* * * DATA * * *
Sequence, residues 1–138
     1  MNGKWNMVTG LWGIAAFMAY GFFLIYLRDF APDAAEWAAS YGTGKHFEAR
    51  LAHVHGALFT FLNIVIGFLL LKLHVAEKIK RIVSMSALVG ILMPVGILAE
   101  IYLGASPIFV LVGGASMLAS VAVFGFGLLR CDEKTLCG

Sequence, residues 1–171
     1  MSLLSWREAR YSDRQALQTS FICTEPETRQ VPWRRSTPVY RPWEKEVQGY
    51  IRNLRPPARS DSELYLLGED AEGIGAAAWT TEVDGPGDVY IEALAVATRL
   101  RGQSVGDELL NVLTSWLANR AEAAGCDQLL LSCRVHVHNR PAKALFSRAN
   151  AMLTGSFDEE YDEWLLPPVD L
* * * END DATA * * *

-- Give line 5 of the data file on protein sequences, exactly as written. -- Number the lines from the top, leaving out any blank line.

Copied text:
Sequence, residues 1–171